Immigration Articles

When NOT to File an Amended H-1B Petition

Over the past couple of months, clients have been emailing and calling to understand when they are NOT required to file an amended petition.

For instance, one caller wanted to know what would happen if the employee returns from a project and is stationed at the corporate office for 15 days before being re-deployed to a second client location. Does the employer in this instance have to file an amended petition for the temporary reassignment to the corporate office AND the second client location?

I urge everyone to bookmark and have this Memo handy.

http://www.uscis.gov/sites/default/files/USCIS/Laws/Memoranda/2015/2015-0721_Simeio_Solutions_Transition_Guidance_Memo_Format_7_21_15.pdf

Let me draw your attention to Page 2 of the Memo.

When a petitioner does NOT need to file an amended petition

A move within an “area of intended employment”: If a petitioner’s H-1B employee is simply moving to a new job location within the same area of intended employment, a new LCA is not generally required. See INA section 212(n)(4); 20 CFR 655.734.

Therefore, provided there are no changes in the terms and conditions of employment that may affect eligibility for H-1B classification, the petitioner does not need to file an amended or new H-1B petition.

However, the petitioner must still post the original LCA in the new work location within the same area of intended employment. For example, an H-1B employee presently authorized to work at a location within the New York City metropolitan statistical area (NYC) may not trigger the need for a new LCA if merely transferred to a new worksite in NYC, but the petitioner would still need to post the previously obtained LCA at the new work location. See 20 CFR 655.734. This is required regardless of whether an entire office moved from one location to another within NYC, or just the one H-1B employee.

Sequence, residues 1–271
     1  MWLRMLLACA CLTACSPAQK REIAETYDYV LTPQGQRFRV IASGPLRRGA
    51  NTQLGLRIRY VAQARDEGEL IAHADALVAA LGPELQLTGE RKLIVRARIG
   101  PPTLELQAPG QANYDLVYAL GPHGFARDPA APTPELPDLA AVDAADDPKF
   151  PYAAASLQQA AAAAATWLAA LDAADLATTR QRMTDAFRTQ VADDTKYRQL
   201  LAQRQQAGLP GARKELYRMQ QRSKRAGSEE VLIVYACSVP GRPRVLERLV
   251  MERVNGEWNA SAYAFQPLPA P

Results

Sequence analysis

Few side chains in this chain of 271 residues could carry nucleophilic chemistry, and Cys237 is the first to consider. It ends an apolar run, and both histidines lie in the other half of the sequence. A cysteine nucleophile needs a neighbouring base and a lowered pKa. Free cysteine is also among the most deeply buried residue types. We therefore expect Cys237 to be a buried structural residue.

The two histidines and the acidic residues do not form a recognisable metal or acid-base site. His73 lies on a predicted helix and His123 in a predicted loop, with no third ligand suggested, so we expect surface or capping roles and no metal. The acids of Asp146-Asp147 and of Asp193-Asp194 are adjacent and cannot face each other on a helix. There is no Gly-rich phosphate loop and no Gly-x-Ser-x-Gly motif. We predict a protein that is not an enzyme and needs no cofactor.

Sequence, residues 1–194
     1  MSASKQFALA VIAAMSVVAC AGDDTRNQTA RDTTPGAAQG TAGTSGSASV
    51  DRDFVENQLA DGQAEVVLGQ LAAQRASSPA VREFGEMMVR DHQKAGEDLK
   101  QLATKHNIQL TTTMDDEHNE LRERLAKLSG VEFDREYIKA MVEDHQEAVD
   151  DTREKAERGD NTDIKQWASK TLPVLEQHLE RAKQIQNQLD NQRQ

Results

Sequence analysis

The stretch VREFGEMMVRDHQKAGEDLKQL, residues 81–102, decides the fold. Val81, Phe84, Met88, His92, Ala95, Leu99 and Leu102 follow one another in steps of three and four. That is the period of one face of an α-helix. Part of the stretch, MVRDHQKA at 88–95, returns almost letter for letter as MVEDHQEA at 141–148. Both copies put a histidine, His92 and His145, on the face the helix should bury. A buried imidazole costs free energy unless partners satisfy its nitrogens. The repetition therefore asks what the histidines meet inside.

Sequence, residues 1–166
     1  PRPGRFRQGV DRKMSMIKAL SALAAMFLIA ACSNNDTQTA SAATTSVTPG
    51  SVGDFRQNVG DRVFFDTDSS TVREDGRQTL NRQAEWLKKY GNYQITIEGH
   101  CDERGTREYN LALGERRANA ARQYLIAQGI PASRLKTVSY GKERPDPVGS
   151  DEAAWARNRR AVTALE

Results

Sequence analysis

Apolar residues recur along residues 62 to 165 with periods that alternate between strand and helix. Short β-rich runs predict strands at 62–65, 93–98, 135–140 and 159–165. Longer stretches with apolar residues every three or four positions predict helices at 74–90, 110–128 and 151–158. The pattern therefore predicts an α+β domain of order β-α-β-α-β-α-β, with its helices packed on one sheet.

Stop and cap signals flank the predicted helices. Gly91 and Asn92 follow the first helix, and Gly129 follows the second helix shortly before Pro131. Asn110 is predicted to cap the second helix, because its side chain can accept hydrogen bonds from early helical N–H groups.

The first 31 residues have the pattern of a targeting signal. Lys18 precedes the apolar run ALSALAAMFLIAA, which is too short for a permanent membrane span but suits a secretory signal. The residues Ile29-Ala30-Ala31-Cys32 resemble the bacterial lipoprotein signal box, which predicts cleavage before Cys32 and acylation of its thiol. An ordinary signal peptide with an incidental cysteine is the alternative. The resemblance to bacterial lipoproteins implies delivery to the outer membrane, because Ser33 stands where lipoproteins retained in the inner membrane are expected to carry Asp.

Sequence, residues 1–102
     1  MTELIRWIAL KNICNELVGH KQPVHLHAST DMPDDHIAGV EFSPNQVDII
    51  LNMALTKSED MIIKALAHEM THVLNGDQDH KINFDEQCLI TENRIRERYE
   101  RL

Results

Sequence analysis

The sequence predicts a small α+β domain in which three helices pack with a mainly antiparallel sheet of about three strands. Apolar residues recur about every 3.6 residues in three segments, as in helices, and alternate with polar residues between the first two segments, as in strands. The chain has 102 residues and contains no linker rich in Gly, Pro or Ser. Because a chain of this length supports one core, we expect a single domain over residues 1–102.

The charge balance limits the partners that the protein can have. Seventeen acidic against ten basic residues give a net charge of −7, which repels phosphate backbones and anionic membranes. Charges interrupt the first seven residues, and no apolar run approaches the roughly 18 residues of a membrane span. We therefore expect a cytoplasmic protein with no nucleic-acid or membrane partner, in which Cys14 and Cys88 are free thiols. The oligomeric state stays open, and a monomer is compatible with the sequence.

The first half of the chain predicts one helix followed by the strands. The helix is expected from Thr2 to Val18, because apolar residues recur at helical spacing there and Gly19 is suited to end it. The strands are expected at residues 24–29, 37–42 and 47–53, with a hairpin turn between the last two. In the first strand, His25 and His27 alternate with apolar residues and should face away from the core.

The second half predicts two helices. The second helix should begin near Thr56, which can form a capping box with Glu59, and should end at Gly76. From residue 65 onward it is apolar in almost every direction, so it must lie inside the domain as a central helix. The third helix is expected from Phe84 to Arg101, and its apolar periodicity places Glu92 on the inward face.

Short-term placements: Under certain circumstances, a petitioner may place an H-1B employee at a new worksite for up to 30 days, and in some cases 60 days (where the employee is still based at the “home” worksite), without obtaining a new LCA. See 20 CFR 655.735. In these situations, the petitioner does not need to file an amended or new H-1B petition provided there are no material changes in the terms and conditions of the H-1B worker’s employment.

Non-worksite locations: If H-1B employees are only going to a non-worksite location and there are no material changes in the authorized employment, the petitioner does not need to file an amended or new H-1B petition. A location is considered to be a “non-worksite” if:

o The H-1B employees are going to a location to participate in employee developmental activity, such as management conferences and staff seminars;

o The H-1B employees spend little time at any one location; or

o The job is “peripatetic in nature,” such as situations where their job is primarily at one location but they occasionally travel for short periods to other locations “on a casual, short-term basis, which can be recurring but not excessive (i.e., not exceeding 5 consecutive workdays for any one visit by a peripatetic worker, or 10 consecutive workdays for any one visit by a worker who spends most work time at one location and travels occasionally to other locations).” See 20 CFR 655.715.

In responding to my client, I attached the Memo and underlined the short term placement guidance that allows employees to be placed at a site for up to 30 days without the need for an amendment.

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We are a Business Immigration law firm based in metro Bridgeport area of CT. We serve clients from all over the world.

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